GLYNN COUNTY, Ga. — The case is now in the hands of the jury in the trial over the killing of Ahmaud Arbery.
On Tuesday, the jury started deliberating on whether to convict or acquit three men - father and son Greg and Travis McMichael and William "Roddie" Bryan" - of the murder charges they face.
Prosecutors have argued the men committed a vigilante killing that was not informed or influenced by Georgia's actual citizen's arrest law (which was repealed after Arbery's death).
Defense attorneys have argued it was an honest, sincere and lawful attempt to detain Arbery as a "suspect" in neighborhood thefts and break-ins.
The particular citizen's arrest law at the center of arguments was a confusing and ill-defined statute - as but one example of that, in arguing over how to tell the jury to understand it during the charging conference, Judge Timothy Walmsley told the attorneys they had "argued my brain into mush."
That could set things up for a difficult jury deliberation - what happens if they can't come to a unanimous agreement, as they must to render a verdict?
Allen charge and a hung jury
Juries are tasked with coming to an agreement on how to determine a case's outcome. Gwinnett County's courts webpage describes the process as such:
Quite often in the jury deliberation room the jurors may argue and have a difference of opinion. When this occurs, each juror should try to express his or her opinion and the reasoning supporting it. It would be wrong for a juror to refuse to listen to the arguments and opinions of the others or to deny another juror the right to express an opinion. Remember that jurors are not advocates, but impartial judges of the facts. By carefully considering each juror's opinion and the reasons behind it, it is usually possible for the jurors to reach a verdict. A juror should nor hesitate to change his or her mind when there is good reason. But each juror should maintain his or her position unless conscientiously persuaded to change that opinion by the other jurors. Following a full and free discussion with fellow jurors, each juror should vote only according to his or her honest convictions.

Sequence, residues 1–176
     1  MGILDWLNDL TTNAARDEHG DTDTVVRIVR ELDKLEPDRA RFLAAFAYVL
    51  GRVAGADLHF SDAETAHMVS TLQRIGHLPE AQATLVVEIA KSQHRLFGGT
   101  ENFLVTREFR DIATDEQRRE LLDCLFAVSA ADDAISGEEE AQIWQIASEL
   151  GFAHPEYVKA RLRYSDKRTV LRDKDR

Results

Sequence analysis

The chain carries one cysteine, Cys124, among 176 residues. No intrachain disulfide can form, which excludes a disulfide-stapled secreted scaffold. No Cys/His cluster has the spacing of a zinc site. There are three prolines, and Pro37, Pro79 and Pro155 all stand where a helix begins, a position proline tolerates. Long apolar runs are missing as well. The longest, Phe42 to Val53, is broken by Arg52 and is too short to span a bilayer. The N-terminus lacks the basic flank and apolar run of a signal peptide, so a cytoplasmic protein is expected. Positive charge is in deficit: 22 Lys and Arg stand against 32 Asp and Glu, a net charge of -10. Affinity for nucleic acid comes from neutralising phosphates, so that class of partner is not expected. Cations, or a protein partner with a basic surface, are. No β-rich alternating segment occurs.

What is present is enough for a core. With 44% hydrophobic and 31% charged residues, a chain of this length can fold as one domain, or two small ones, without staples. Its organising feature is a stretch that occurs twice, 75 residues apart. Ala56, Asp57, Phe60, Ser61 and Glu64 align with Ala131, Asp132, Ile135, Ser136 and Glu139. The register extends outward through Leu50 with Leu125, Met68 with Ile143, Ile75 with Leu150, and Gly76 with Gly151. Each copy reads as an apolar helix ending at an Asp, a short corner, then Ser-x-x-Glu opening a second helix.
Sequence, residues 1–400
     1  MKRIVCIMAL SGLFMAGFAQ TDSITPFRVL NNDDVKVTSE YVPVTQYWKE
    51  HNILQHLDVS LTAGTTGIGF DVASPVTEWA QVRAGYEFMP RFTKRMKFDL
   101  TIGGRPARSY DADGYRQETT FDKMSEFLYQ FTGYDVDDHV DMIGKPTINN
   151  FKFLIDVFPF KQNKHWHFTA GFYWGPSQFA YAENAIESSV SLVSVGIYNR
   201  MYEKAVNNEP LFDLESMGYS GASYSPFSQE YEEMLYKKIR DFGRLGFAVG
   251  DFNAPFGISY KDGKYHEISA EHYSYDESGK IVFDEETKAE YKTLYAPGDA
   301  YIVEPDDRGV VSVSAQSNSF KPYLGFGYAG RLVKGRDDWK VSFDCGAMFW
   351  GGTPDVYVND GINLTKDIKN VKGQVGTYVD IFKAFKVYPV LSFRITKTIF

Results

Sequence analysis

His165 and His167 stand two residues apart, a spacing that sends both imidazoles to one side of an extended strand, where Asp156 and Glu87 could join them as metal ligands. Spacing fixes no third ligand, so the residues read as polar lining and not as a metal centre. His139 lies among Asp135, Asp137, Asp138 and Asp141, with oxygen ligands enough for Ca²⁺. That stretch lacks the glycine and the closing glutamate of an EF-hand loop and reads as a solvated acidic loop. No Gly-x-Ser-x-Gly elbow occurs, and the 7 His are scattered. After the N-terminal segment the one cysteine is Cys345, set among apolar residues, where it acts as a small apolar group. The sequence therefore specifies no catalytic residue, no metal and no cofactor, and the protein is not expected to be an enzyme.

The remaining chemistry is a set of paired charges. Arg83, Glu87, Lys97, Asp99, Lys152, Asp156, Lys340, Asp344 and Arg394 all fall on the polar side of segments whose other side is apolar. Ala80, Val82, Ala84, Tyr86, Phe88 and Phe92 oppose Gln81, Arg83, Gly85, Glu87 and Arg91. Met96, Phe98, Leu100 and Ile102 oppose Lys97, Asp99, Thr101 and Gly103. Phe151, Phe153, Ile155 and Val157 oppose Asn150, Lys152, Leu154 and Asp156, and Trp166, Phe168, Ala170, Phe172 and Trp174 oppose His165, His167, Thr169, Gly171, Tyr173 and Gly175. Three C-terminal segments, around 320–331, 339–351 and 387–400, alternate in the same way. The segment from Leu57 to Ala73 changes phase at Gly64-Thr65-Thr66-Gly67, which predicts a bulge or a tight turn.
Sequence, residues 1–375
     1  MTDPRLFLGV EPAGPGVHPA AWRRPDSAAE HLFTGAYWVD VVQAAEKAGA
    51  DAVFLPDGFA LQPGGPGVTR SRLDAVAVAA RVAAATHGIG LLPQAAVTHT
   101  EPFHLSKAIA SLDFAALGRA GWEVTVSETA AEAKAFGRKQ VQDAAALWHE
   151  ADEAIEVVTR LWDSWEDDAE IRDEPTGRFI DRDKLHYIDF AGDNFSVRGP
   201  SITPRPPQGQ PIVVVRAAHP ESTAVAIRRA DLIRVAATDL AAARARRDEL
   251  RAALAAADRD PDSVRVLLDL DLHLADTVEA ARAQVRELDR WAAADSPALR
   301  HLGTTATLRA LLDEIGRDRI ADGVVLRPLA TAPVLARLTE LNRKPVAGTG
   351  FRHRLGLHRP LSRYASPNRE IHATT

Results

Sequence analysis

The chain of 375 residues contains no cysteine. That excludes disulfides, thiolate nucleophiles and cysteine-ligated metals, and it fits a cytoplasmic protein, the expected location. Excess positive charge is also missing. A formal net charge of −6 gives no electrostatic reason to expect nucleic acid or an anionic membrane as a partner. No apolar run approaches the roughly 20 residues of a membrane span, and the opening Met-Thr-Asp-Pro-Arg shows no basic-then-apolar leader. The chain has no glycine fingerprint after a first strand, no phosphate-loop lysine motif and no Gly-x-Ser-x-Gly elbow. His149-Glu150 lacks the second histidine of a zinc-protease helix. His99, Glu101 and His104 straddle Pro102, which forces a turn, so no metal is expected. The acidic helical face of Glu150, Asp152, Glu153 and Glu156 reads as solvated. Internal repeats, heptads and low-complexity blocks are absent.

A judge has one significant tool at their disposal to try to push the jury toward a unanimous verdict, if they're taking an especially long time: An Allen Charge.
An Allen Charge, according to Cornell Law, is an "instruction given by a court to a deadlocked jury to encourage it to continue deliberating until it reaches a verdict."
This can involve, according to the American Bar Association, "directing dissenting jurors to reconsider their positions favoring the defendant, reevaluate whether their doubt was a reasonable one, and consider the problems and expense of retrying the case."
Ultimately if the jury cannot unanimously agree, they are what's considered a "hung jury." At that point, the judge must declare a mistrial, meaning generally that the case can be retried.